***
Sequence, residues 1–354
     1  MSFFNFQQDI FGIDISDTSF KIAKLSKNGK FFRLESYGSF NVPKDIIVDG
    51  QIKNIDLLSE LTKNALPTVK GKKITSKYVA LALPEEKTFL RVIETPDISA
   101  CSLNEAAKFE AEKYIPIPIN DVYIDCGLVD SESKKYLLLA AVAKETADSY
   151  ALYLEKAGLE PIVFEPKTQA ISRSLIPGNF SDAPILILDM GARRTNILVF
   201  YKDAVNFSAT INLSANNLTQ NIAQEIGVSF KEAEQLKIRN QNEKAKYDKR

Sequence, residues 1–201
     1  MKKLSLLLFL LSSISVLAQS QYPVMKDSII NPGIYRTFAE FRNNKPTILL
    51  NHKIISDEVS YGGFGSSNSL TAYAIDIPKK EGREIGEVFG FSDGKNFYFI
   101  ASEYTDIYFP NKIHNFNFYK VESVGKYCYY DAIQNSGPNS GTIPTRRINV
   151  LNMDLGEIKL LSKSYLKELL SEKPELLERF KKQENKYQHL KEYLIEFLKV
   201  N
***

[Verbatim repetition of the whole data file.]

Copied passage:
Sequence, residues 1–354
     1  MSFFNFQQDI FGIDISDTSF KIAKLSKNGK FFRLESYGSF NVPKDIIVDG
    51  QIKNIDLLSE LTKNALPTVK GKKITSKYVA LALPEEKTFL RVIETPDISA
   101  CSLNEAAKFE AEKYIPIPIN DVYIDCGLVD SESKKYLLLA AVAKETADSY
   151  ALYLEKAGLE PIVFEPKTQA ISRSLIPGNF SDAPILILDM GARRTNILVF
   201  YKDAVNFSAT INLSANNLTQ NIAQEIGVSF KEAEQLKIRN QNEKAKYDKR

Sequence, residues 1–201
     1  MKKLSLLLFL LSSISVLAQS QYPVMKDSII NPGIYRTFAE FRNNKPTILL
    51  NHKIISDEVS YGGFGSSNSL TAYAIDIPKK EGREIGEVFG FSDGKNFYFI
   101  ASEYTDIYFP NKIHNFNFYK VESVGKYCYY DAIQNSGPNS GTIPTRRINV
   151  LNMDLGEIKL LSKSYLKELL SEKPELLERF KKQENKYQHL KEYLIEFLKV
   201  N